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Khắc phục hiện tượng không xuất hiện menu Bộ công cụ Violet trên PowerPoint và Word

12099162 Kính chào các thầy, cô. Khi cài đặt phần mềm , trên PowerPoint và Word sẽ mặc định xuất hiện menu Bộ công cụ Violet để thầy, cô có thể sử dụng các tính năng đặc biệt của phần mềm ngay trên PowerPoint và Word. Tuy nhiên sau khi cài đặt phần mềm , với nhiều máy tính sẽ...
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DE DE XUAT DHBB MON TIENG ANH CHUYEN BAC NINH NAM 2018

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Nguồn: st
Người gửi: Trần Việt Anh
Ngày gửi: 15h:05' 26-07-2022
Dung lượng: 27.5 MB
Số lượt tải: 9
Số lượt thích: 0 người

TAPESCRIPT- ĐỀ ĐỀ XUẤT ANH 11- DHBB 2018 –CHUYÊN BẮC NINH
Part 1: You will hear a radio interview about fox hunting. For questions 1-5, choose the answer (A, B, C or D) which fits best according to what you hear. Write your answers in the corresponding numbered boxes (10pts) - CAE Practice Test


Part 2: You will hear the historian, George Davies, talking about society and the theatre in England in the time of William Shakespeare. Decide whether the following statements are true (T) or false (F). Write your answers in the corresponding numbered boxes .(10pts) (– CPE Practice Test )


Interviewer:
We welcome today professor George Davies from the University of Wales. Professor Davies is an expert on society in sixteenth-century England, the time of Queen Elizabeth the First and, of course, Shakespeare. So how would you categorize society at that time, Professor?
Professor:
Well, it was certainly a society undergoing dramatic changes in which there was an explosion of interest in the language, even though the printed word hadn't become universally available. We don't quite know exactly how many people could read and write but literacy would not have extended to all levels of society. Some historians call it an illiterate society, but that seems rather pejorative. No, the best way of putting it, in my view, is to refer to it as a pre-literate society, like most societies that have ever been on planet. In fact our society, in which we tend to expect everybody to be literate, is the one which is out of step.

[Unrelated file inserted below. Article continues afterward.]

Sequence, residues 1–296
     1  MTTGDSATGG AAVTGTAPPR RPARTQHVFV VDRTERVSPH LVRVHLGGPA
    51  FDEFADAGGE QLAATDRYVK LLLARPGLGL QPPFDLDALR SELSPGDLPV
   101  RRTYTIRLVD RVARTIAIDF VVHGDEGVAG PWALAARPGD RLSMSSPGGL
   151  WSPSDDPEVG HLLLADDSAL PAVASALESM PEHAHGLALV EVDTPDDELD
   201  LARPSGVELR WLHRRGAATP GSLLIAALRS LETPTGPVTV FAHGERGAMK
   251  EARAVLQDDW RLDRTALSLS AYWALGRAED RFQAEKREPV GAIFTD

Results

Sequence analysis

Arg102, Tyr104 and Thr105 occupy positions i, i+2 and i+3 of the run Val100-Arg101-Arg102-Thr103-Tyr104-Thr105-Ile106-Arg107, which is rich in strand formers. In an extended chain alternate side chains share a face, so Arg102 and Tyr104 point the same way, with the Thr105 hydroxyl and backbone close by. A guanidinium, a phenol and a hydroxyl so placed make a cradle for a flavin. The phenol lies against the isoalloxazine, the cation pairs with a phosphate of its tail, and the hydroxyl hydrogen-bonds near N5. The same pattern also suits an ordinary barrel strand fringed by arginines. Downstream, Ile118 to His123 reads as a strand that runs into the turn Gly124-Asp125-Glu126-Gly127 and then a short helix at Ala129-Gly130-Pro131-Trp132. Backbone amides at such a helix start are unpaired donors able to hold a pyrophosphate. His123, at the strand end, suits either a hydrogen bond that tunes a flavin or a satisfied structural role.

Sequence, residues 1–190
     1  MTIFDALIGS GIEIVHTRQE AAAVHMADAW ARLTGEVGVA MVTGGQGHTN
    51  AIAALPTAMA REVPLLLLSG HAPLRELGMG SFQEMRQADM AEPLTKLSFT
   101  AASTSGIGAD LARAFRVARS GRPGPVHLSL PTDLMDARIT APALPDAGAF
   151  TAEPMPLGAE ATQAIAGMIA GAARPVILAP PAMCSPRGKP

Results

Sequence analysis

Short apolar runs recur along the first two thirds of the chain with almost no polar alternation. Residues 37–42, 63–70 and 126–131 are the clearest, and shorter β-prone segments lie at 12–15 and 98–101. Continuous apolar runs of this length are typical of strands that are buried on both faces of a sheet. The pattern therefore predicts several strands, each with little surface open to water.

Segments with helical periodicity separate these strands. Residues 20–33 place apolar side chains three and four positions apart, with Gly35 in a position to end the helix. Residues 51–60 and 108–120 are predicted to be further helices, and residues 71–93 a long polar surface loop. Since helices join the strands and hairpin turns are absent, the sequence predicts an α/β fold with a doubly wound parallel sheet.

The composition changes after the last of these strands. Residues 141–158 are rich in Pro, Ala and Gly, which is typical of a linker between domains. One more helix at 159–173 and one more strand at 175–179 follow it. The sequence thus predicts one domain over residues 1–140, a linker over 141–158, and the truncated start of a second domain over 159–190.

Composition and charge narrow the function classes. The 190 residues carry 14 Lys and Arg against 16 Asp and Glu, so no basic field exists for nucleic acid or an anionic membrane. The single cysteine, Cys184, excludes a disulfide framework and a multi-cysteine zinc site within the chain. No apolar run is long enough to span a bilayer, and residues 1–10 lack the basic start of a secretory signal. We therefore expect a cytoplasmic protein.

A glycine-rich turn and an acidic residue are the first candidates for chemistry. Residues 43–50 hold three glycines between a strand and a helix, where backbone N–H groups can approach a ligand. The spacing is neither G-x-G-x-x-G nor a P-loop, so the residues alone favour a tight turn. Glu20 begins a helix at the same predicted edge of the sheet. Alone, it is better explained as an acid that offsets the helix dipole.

Interviewer:
So how did this pre-literacy affect ability to communicate at that time?
Professor:
What it meant was that the prime form of communication was direct speech, face to face, which means communication involving the body, the stance, the distance between people. It also meant that people were much more finely tuned to the spoken word, they could take in more of it, they could listen in a more acute way. It's therefore quite natural that the art form which corresponds to that particular situation should be drama.
Interviewer:
One thing that has always puzzled me is where did the actors in the sixteenth century learn their craft? Were there any drama schools then?
Professor:
Well, Shakespeare's actors, the boys and the older men in his company, didn't actually have any acting training before they joined his company. You see, in Shakespeare's day you learned your school work by repeating it out loud all day long. The arts of oratory and rhetoric were part of your normal education and they were also the means by which you learned. So they had wonderful voice training, which enabled them to develop an individual style.
Interviewer:
I've always thought of the Elizabethan society as one that revelled in its voice, that at its heart delighted in giving voice to words. Would that be correct?
Professor:
I would certainly think that the atmosphere in the average theatre of the time would surprise us today. I believe it would sound and feel more like a present day football ground! In a modern theatre there's a sort of reverential hush as the darkness descends and we feel, you know, that we're in some sort of temple devoted to the worship of great art. But then, the atmosphere would have been much noisier. Remember Shakespeare and his contemporaries had theatres which were open to the sky, and so the noise of the city, the shout of the street sellers, the neighing of horses and so forth would add to and mix with the sounds of the stage and indeed, in my view, would comment on them.
Interviewer:
So, in the same way, this was not a world for the shy or the softly spoken?
Professor:
Not at all. People's voices in the sixteenth century, it seems to me, wouldn't have been geared to the exchange of intimate revelations about the self. This is a notion of speaking that is a twentieth-century concept, as is our notion that a play should give you the intimate, personal feelings of the author or of a character on the stage. Then, art was largely about external issues, how a country should be governed, how one should deal with rebellion, questions of that order.
Interviewer:
Fascinating, Professor. I'd like at this point to bring in another speaker who is going to tell us about Elizabethan court life and how Shakespeare......

Part 3. Listen to an introduction of a new invention and answer the following questions. USE NO MORE THAN THREE WORDS AND/OR A NUMBER for each answer. Write your answers in the spaces provided.(10 pts)



PART 4:
 
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